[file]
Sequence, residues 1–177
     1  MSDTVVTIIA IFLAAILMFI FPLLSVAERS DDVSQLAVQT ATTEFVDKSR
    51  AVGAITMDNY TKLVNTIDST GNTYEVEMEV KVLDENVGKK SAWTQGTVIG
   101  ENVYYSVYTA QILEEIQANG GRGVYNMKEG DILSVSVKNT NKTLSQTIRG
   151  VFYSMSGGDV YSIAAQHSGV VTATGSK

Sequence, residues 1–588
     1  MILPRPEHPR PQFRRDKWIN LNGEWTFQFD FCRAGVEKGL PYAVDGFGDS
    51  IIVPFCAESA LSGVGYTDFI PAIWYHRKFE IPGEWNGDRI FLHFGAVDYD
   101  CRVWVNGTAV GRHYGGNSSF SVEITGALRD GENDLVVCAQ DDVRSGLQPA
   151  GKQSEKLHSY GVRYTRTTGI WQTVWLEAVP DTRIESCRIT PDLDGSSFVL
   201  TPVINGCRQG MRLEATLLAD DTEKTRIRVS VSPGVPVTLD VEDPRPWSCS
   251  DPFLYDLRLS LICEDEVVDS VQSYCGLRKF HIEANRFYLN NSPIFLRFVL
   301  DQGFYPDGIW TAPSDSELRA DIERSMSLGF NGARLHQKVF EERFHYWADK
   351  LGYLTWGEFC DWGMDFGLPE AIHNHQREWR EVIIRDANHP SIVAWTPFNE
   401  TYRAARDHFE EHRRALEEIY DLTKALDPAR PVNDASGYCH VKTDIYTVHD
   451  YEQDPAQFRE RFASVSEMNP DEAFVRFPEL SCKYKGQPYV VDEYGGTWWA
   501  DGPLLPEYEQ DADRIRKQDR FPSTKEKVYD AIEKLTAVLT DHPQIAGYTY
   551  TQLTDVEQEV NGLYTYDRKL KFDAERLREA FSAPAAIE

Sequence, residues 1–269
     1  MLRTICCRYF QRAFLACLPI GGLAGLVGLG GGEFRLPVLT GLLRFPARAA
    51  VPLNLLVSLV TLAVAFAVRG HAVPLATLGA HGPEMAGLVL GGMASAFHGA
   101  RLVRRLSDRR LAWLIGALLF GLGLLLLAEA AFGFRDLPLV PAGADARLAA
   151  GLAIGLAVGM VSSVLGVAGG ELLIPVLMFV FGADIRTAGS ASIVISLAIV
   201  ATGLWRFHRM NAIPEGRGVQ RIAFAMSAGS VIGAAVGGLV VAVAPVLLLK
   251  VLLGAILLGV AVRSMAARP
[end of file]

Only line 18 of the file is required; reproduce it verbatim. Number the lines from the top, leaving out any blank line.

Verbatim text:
   551  TQLTDVEQEV NGLYTYDRKL KFDAERLREA FSAPAAIE